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International Journal of Management (IJM), 6502(Print), ISSN 0976 6510(Online) International Journal of Management (IJM), ISSN 0976 Volume

me 1, Number 2, July - Aug (2010), IAEME ISSN 0976 6502(Print), ISSN 0976 6510(Online) Volume 1, Number 2, July - Aug (2010), pp. 70-75 IAEME IAEME,


Dr.N.Shani Professor Karpagam Institute of Technology, Seerapalayam , Coimbatore-641021

Education has been the instrument in the development of man to enable him live an effective and meaningful life and to contribute towards the development of society in which he finds himself. The influence of Intelligence quotient and Emotional Quotient of the individual for developing innovative thinking plays vital role. Developing Emotional Intelligence can play a significant role in recruiting and retaining people as it gives a more accurate analysis of the job requirements, the candidate's capability, of the difference between the two, and the development and training needs to bridge the gaps. As far as meeting an individual's career aspirations are concerned, once the organization gives an employee the perspective of what is required from him to reach a particular position, it drives him to develop the competencies for the same. This paper tries to identify the gaps between IQ and EQ and suggest ways through which emotional Intelligence can be developed in an individual

Emotional Intelligence - EQ - is a relatively recent behavioural model, rising to prominence with Daniel Goleman's 1995 Book called 'Emotional Intelligence'. Emotional Intelligence is increasingly relevant to organizational development and developing


International Journal of Management (IJM), ISSN 0976 6502(Print), ISSN 0976 6510(Online) Volume 1, Number 2, July - Aug (2010), IAEME

people, because the EQ principles provide a new way to understand and assess people's behaviours, management styles, attitudes, interpersonal skills, and potential. Emotional Intelligence is an important consideration in human resources planning, job profiling, recruitment interviewing and selection, management development, customer relations and customer service, and more. The EQ concept argues that IQ, or conventional intelligence, is too narrow; that there are wider areas of emotional intelligence that dictate and enable how successful we are. Success requires more than IQ (Intelligence Quotient), which has tended to be the traditional measure of intelligence, ignoring essential behavioural and character elements. Despite possessing a high IQ rating, success does not automatically follow. We are at the beginning of a new century, and intelligence and success are not viewed the same way they were before. New theories of intelligence have been introduced and are gradually replacing the traditional theory. The whole child/student has become the center of concern, not only his reasoning capacities, but also his creativity, emotions, and interpersonal skills.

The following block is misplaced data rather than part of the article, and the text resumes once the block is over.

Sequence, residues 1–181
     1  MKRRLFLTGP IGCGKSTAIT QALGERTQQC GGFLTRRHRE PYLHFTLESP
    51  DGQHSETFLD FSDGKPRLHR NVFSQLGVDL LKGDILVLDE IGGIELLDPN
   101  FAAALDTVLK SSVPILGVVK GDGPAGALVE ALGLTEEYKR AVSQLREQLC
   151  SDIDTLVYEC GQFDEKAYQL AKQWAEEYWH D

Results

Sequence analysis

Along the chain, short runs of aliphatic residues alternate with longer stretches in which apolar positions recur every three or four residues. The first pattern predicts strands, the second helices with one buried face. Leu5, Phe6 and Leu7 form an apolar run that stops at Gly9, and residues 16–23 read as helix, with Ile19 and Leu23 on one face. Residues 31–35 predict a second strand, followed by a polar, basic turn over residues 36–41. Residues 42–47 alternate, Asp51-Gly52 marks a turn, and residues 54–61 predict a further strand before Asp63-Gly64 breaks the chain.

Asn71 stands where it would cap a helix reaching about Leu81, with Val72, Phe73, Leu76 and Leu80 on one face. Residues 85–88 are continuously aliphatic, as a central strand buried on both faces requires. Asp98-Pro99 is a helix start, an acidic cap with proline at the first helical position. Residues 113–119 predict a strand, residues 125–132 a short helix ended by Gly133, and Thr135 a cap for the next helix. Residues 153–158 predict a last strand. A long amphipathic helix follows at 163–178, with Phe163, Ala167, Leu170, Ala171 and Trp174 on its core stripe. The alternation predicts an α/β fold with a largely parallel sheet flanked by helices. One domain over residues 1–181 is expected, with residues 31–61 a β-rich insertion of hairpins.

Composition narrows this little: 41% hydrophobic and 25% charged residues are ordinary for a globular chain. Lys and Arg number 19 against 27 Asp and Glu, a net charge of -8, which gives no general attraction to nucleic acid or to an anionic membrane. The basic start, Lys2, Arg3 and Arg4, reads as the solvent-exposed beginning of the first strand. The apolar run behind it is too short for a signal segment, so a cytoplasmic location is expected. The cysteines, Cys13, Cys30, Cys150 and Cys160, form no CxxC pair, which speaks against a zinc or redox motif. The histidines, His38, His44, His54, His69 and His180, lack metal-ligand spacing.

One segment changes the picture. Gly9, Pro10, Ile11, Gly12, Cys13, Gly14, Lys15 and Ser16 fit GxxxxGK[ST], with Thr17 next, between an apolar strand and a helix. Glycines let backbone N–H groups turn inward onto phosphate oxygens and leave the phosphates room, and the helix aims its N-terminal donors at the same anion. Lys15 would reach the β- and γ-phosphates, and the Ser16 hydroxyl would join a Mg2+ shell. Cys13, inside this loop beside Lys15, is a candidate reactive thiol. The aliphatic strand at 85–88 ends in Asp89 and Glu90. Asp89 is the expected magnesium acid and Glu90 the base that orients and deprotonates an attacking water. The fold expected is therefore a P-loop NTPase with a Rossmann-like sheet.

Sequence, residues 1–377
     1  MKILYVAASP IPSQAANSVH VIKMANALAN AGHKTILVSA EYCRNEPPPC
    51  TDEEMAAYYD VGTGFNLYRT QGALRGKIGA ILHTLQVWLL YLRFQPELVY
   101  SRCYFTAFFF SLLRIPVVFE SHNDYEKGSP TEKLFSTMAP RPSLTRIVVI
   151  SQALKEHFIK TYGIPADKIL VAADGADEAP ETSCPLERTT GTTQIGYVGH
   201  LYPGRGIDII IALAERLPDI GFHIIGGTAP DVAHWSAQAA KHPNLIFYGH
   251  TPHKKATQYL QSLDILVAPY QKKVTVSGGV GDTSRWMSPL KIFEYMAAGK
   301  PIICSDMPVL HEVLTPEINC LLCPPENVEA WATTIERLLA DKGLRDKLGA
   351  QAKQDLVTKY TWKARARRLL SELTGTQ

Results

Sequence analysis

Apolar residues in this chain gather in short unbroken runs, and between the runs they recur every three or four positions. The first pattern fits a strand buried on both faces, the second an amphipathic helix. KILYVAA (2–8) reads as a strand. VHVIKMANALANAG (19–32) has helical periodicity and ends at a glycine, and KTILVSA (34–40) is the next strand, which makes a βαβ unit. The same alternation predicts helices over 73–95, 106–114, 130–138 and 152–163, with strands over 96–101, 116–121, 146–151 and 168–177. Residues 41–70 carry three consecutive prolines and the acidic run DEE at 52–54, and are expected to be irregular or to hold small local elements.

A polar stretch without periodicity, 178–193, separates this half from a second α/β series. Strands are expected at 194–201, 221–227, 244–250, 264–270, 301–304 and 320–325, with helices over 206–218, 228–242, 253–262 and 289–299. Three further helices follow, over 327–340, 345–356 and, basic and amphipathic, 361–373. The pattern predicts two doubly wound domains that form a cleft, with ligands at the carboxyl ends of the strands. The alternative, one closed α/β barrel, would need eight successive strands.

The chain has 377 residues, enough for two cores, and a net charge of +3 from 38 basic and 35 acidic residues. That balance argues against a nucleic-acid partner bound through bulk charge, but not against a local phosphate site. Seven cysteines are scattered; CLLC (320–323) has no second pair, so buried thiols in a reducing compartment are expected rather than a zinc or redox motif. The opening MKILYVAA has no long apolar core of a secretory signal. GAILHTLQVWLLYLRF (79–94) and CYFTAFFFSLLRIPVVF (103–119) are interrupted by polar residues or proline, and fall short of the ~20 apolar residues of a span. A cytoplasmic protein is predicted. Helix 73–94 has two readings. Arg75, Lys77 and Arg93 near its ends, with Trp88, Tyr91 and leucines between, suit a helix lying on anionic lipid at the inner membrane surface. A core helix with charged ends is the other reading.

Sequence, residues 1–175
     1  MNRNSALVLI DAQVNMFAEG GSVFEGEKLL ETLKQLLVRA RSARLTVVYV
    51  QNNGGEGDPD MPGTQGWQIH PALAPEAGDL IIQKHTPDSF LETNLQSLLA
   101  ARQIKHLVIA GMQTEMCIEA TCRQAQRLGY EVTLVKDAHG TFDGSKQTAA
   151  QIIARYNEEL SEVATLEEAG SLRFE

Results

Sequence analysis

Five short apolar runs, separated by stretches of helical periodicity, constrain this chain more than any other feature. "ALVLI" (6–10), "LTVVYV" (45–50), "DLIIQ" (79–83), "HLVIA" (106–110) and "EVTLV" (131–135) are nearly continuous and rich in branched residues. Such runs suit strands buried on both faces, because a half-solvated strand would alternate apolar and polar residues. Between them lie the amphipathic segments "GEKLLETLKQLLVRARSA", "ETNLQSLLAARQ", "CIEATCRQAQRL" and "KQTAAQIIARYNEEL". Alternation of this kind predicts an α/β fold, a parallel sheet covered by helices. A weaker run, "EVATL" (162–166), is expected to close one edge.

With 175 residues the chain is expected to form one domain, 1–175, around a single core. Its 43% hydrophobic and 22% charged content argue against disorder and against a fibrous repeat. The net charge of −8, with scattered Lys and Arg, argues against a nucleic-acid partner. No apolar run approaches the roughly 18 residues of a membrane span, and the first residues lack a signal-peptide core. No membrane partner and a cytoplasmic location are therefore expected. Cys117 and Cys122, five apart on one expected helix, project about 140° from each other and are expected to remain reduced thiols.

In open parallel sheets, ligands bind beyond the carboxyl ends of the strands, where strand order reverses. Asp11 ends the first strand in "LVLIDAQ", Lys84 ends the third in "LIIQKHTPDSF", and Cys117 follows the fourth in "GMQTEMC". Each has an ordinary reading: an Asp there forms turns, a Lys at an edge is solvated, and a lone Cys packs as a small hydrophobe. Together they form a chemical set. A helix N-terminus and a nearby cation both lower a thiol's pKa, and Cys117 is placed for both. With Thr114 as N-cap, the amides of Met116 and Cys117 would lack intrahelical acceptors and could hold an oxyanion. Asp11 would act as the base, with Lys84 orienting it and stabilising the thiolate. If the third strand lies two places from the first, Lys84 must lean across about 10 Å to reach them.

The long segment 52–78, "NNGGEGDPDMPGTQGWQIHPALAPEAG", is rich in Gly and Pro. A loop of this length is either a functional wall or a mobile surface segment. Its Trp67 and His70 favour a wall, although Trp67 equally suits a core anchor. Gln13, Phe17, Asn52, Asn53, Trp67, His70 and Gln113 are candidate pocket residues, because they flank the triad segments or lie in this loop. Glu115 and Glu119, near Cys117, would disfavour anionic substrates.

The management aspirants are increasing day by day due to the numerous job opportunities available in all sectors. When we are proud of the relevance of management experts in corporate sectors, we also see that the new employees in management discipline do not have a stability in the job giving rise to problem of job insecurity.


There exists an ever-ending need for developing managerial skills among the students aspiring to become the future mangers. Apart from the regular curricula, they are to be trained in recent techniques of management strategies. Nowadays the management concepts are focused towards problem solving situations relevant to the practical aspects. Hence steps can be taken through researching into the prospects of understanding the level of EQ and IQ present in management students and thereby finding ways to improve the EQ level.


International Journal of Management (IJM), ISSN 0976 6502(Print), ISSN 0976 6510(Online) Volume 1, Number 2, July - Aug (2010), IAEME

The above problem will address not only the management students who are absorbed to manage the people in the organization, but also for professionally skilled employees especially the in IT industry. Government of India itself has identified such employees to be included in health care insurance. The trend of 8 hrs work is only a dream in many organizations, even in Government undertakings which are mostly a target fixed jobs like marketing. The solution for the above problem would be relevant for all levels of employees, to find ways to improve their emotional quotient.

The Relationship between Emotional Intelligence and Academic Achievement in Eleventh Graders. Nada AbiSamra, Instructor: Dr. H. Williford, Auburn University at Montgomery Research in Education FED 661 , March 3, 2000 The purpose of this study is to see whether there is a relationship between emotional intelligence and academic success. Do high achievers in 11th grade have a high emotional intelligence level or isnt there any relationship between their achievement and their emotional intelligence? So, the population of this study will be the 11th graders in Montgomery, Alabama. The sample will be 500 11th graders-- boys and girls-- from public and private schools in Montgomery, Alabama. The sampling will be stratified, making sure that schools, genders, races, socioeconomic statuses, and abilities will be appropriately represented. Mean is calculated of all the grades each of the 500 students has had for the last semester (this study being done in the second semester of school), separating the high from the middle and the low achievers. Comparative study is made between these grades with the Emotional Intelligence level of each student, to see whether there is a relationship between emotional intelligence and academic achievement or not, in order for us to be able to accept or reject our hypothesis.